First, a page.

To celebrate International Firefighters day and salute the men and women who make the world a safer place in challenging conditions, we take a look at the essential contribution of volunteers in fulfilling these critical missions.


 Jean-François Le Bigot, Head of Facility Management and Real Estate at Airbus Helicopters, was recently nominated Knight of the National Order of Merit in France for his accomplishments as a volunteer firefighter. After enrolling as a teenager, he is now able to experience first-hand how helicopters can best support firefighters in hostile environments.

In addition to becoming a firefighting officer in 2003, a position that provides him with both an institutional and operational capacity, Jean-François Le Bigot has also been a flying firefighter for ten years, first on an H125 and now on a Super Puma. “As a flying firefighter, I act as an additional pair of eyes within the aircraft. My role is to provide the pilot and the team on the ground with the most accurate description of the situation and how the fire is evolving”, says Le Bigot. Consequently, to ensure successful airdropping of the Bambi Bucket and warn the operational team of any particular risks, flying firefighters have to ensure constant communication with the Direction of Special Operations from the French Sécurité Civile. 

Helicopter-assisted firefighting operations range from search and rescue, to evacuating inhabitants and personnel as quickly as possible, transporting essential supplies to support ground operations when no vehicle is available. Le Bigot recalls one specific example: “During the devastating Gonfaron fire in the Var, France, in 2021, Airbus helicopters played a major role in saving the lives of those who lived close by and later on, in securing parts of the land affected by the embers. Helicopters equipped with bambi buckets remain an efficient complementary tool in fighting fires in the region.”

Making fire fighting missions possible

To make sure that Airbus Helicopters employees acting as volunteer firefighters are supported in both of their roles, a State-backed programme provides them with the necessary tools to put their skills at the disposal of the fire brigade. “For instance, a few of our working days can be used to make ourselves available in case of emergencies in the region or for training purposes, as opposed to only outside of our working hours. This means that the brigade can count on a much stronger base once the fire season starts”, Le Bigot adds.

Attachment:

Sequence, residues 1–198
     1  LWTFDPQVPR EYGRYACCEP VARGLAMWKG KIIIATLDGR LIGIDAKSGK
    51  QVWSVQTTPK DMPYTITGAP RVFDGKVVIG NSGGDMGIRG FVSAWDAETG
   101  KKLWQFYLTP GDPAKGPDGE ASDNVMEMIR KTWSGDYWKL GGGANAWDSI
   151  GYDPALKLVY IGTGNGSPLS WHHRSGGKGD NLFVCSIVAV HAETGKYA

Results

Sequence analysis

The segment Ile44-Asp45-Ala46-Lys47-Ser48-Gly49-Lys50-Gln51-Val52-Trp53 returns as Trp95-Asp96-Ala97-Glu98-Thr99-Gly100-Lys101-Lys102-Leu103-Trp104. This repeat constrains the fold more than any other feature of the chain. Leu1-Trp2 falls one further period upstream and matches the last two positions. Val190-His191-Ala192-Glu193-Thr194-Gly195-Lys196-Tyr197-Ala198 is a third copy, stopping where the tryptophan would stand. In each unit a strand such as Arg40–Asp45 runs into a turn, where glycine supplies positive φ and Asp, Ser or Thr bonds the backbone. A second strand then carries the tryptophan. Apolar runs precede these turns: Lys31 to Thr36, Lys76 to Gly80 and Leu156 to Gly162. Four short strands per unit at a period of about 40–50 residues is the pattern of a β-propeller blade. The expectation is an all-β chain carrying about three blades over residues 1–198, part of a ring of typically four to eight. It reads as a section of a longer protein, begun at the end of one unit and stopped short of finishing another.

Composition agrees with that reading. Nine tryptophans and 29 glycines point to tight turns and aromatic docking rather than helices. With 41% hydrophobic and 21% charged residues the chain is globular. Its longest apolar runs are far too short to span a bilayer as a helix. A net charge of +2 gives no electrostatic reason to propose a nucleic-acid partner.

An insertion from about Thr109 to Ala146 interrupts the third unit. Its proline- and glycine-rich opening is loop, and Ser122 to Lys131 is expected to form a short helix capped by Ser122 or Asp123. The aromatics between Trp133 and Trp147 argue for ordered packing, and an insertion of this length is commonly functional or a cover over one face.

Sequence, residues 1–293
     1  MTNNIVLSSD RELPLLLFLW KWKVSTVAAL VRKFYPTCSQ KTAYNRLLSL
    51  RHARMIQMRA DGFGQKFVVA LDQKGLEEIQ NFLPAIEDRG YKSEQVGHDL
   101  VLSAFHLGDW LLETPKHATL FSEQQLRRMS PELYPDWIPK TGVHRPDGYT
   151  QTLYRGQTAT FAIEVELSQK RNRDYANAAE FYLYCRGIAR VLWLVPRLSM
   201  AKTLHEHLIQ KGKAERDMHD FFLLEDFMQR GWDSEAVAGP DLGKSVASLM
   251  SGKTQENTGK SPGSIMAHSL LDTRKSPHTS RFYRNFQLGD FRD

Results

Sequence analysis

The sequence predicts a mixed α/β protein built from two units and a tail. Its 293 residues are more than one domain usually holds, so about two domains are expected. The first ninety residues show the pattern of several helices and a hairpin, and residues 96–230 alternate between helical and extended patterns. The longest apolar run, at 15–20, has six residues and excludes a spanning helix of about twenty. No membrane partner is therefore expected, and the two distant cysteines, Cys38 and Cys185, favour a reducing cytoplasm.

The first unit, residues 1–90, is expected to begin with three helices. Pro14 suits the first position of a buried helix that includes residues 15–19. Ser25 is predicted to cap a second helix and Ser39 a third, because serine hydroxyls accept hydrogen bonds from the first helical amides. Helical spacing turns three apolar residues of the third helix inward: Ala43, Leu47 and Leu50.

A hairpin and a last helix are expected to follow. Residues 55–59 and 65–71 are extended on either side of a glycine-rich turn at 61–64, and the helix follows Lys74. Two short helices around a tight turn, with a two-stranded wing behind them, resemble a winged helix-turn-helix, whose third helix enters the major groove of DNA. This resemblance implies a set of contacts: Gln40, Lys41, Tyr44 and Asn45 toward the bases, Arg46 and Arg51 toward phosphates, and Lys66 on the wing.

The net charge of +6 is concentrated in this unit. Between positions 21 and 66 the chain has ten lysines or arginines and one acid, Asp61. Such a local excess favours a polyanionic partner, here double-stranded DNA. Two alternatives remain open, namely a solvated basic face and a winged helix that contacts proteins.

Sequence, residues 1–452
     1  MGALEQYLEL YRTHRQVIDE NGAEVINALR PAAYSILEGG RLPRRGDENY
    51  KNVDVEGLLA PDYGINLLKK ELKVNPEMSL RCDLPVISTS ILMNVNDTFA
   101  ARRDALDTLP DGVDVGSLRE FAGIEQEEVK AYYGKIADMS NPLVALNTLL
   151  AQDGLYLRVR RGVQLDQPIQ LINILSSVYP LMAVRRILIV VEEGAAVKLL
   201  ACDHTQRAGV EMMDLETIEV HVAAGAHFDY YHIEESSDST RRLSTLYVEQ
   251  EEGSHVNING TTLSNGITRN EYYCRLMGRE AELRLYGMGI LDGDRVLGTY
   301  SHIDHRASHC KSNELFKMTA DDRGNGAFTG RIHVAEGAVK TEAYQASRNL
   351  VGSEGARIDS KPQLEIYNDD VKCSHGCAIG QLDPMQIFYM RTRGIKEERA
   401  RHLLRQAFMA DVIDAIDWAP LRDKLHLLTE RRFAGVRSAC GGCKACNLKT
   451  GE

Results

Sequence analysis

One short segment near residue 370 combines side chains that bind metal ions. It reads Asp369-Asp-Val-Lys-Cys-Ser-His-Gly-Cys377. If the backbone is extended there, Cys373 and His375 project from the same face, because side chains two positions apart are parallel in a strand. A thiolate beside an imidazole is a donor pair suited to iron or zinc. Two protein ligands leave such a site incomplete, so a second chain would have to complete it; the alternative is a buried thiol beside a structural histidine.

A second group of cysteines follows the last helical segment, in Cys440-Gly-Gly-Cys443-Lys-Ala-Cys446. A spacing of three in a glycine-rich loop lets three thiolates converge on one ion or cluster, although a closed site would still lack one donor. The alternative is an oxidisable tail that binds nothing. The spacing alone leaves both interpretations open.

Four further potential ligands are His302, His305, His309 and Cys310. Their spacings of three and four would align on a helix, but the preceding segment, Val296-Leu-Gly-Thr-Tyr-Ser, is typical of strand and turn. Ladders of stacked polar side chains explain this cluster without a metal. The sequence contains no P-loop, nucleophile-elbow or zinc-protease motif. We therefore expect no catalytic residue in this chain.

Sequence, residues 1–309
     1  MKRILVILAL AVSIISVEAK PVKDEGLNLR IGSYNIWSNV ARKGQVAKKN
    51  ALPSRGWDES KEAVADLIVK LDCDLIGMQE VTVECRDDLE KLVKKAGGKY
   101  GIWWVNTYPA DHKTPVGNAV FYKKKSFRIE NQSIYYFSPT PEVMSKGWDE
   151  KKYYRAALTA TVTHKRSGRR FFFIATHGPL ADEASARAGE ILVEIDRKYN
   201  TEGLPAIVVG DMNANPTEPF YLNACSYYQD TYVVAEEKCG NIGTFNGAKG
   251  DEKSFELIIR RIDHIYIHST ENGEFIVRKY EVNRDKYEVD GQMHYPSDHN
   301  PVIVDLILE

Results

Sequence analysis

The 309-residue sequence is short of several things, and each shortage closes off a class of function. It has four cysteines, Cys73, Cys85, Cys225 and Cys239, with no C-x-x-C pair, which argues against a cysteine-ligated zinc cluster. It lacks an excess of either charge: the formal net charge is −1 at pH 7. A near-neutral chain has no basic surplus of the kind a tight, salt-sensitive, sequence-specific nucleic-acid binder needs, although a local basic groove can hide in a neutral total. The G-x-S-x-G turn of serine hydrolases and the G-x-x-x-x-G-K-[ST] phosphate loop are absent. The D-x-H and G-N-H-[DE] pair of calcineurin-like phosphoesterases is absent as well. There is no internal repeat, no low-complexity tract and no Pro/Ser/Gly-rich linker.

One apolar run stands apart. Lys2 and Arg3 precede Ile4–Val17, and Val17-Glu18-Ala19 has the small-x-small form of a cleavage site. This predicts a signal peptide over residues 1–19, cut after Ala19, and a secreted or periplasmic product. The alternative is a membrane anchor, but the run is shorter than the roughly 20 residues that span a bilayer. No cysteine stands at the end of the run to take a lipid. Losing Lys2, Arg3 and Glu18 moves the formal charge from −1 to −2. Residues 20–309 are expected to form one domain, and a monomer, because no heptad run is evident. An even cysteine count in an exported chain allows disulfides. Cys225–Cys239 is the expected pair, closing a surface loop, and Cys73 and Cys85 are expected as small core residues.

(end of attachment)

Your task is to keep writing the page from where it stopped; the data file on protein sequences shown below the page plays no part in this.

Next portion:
Indeed, training represents an essential part of volunteer firefighters’ tasks. Through general and specialised sessions, volunteers are required to demonstrate their ability to perform in all conditions, even when their safety is at risk. As a flying firefighter with a focus on forest fires, Le Bigot’s own training programme includes advanced helicopter knowledge, accident survival processes and Super Puma operations. And this is not the only way Le Bigot’s occupation at Airbus Helicopters and his commitment as a volunteer firefighter converge: “I believe this has a lot to do with values as well. Courage and devotion is the firefighter’s motto, and being able to see it come to life as a volunteer inspires me to uphold this sense of service at Airbus Helicopters every day.” 

Committed to saving lives

Surprisingly, Le Bigot’s commitment as a volunteer firefighter stems from a completely different field. “I first started scuba diving when I was eleven, and pretty quickly, it appeared that rescue skills represent a significant part of this activity. After qualifying as a lifeguard, I wanted to extend this ability as a volunteer firefighter, to put this passion to use within a team of expert firefighters who dedicate their lives to saving those of others.” Whilst altruism, resilience and courage are some of the key characteristics firefighters embody in their daily operations, according to Le Bigot, this also requires sacrifices that one should measure before enrolling as a volunteer firefighter.

As the fire season gets near in Europe and beyond, volunteer firefighters represent around 80% of firefighting brigades in France, a share that proves how engaged communities are when vital assets and even lives are at risk. “Being a volunteer firefighter is a vocation and ultimately, it needs to remain that way throughout your commitment. When you become a volunteer firefighter, there are no vested interests, it’s all about facing adversity in order to protect people and natural spaces”, explains Le Bigot.